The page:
Budget proposal could mean longer wait for low-income services - WKOW 27: Madison, WI Breaking News, Weather and Sports

Budget proposal could mean longer wait for food stamps, Medicaid, jobless benefits


By Derek Staahl - bio | email | Twitter | Facebook

MADISON (WKOW) -- A proposal in the Governor's two-year budget will centralize the processing of low-income services and food stamps, but could also increase wait times for much-needed assistance, critics say.

Currently, 71 counties, 7 tribes, and two state agencies process applications for programs like Badgercare, Foodshare, and jobless benefits.

The Governor's budget calls for the creation of a centralized agency to handle all of these requests by expanding the Enrollment Services Center. The ESC is a state agency which currently handles about one-quarter of the low-income application processing in the state, according to the Department of Health Services.

But as Dane County Executive Kathleen Falk points out, ESC has a history of slow application processing.

"I'm a mom. When my kids are hungry, waiting six months is not OK," she said.

According to the Department of Health Services, as of late February, the ESC had 10,387 cases that were unresolved after six months or more. There were 3,990 cases that were unresolved after one year or more.

"In this day and age when we need services more than ever given the economy, waiting six months or longer to get these services that by federal law you have a right to is just not OK," said Falk.

The ESC is part of the state Department of Health Services. Deputy Secretary Kitty Rhoades says the department is currently in the process of retooling the ESC to allow it to handle the 1.4 million people across the state in need of services.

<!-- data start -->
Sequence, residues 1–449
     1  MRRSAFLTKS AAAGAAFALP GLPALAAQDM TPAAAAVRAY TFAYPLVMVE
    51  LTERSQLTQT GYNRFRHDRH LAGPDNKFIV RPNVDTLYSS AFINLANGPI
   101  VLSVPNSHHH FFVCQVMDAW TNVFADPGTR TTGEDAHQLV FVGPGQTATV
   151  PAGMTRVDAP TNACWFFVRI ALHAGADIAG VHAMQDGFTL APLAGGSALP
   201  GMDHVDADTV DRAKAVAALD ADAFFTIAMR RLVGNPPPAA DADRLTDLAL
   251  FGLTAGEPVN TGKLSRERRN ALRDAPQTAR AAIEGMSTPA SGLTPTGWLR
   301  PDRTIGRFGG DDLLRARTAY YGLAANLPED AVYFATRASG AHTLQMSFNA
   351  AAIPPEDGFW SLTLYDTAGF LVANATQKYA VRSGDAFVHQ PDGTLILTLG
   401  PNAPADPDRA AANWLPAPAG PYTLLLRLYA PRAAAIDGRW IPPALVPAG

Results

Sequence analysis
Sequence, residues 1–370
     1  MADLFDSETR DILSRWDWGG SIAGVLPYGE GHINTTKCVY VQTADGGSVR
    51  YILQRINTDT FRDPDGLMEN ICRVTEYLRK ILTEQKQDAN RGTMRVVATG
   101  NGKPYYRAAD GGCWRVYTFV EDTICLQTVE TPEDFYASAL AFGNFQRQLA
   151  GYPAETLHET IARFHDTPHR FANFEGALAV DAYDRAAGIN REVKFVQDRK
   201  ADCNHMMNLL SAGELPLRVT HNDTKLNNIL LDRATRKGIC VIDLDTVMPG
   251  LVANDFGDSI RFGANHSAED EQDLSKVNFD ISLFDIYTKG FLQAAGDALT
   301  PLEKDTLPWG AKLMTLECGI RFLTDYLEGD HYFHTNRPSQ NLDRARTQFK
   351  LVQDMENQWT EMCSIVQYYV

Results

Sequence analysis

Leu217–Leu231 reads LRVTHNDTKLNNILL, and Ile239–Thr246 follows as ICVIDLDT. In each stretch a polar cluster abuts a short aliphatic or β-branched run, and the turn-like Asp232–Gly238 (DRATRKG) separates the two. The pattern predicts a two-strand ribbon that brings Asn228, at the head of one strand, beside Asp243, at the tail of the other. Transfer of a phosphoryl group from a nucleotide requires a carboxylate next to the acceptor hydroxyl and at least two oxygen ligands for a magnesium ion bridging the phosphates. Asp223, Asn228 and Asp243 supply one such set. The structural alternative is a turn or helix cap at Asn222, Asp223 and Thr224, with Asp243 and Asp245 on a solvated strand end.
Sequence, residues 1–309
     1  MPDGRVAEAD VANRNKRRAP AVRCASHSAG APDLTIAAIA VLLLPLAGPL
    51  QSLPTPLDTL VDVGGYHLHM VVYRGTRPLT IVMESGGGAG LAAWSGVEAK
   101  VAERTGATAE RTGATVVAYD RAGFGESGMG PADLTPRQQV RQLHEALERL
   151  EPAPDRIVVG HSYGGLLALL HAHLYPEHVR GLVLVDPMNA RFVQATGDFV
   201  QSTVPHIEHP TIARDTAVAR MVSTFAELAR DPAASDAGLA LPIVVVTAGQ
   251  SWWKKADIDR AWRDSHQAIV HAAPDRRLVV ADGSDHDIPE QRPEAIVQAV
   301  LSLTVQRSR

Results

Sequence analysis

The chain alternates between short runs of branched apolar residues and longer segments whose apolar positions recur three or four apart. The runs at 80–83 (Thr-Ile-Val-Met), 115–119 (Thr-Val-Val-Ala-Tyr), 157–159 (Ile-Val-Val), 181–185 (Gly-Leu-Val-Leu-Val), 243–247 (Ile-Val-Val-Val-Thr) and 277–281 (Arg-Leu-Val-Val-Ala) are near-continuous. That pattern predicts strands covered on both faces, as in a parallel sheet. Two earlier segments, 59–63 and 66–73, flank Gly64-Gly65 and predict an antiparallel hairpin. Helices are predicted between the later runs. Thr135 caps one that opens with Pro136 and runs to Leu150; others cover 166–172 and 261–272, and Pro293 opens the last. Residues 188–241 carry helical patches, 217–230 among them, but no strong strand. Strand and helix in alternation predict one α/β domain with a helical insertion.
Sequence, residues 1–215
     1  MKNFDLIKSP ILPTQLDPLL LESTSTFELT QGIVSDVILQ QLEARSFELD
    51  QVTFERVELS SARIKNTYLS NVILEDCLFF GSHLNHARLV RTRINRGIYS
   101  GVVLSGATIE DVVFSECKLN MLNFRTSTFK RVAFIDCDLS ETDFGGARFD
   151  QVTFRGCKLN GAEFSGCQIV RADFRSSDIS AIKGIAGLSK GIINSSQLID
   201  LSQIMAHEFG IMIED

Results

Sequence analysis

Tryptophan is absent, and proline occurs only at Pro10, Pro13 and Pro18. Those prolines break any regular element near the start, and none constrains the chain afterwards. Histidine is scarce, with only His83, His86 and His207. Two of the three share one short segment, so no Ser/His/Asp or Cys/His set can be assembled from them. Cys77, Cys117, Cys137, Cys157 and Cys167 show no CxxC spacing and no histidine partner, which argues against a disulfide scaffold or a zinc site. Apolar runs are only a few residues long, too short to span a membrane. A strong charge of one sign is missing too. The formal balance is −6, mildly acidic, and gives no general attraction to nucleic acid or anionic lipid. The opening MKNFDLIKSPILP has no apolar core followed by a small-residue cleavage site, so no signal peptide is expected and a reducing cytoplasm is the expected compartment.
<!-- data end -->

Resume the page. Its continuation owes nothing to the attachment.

Rhoades says creating a centralized service provider is the state's best option.

"It's the easiest way to not impact services to the people, but to gain the economy of scales to help us get towards the $500 million dollar shortfall [in the DHS budget] that we have yet to fix."

Rhoades says she met with county service providers Thursday to discuss best practices and learn from their years of experience.

But County Executive Falk says she is also concerned about the ease of access to the new agency. Currently residents in need of services can visit the Dane County Job Center and speak to a service provider in person. She says a similar agency in Milwaukee County, MiLES, only processes applications by phone or online.

Rhoades told 27 News that DHS plans to use aspects of MiLES in its new model, but denied claims that the new agency would handle applications online only. 27 News did not ask Rhoades at the time of the interview if service providers would be available for in-person appointments.

County Executive Falk says the changes will force Dane County to lay off 70 employees, and will take away $6.4 million from its budget. According to the Governor's budget, the changes will save the state $48 million over two years.

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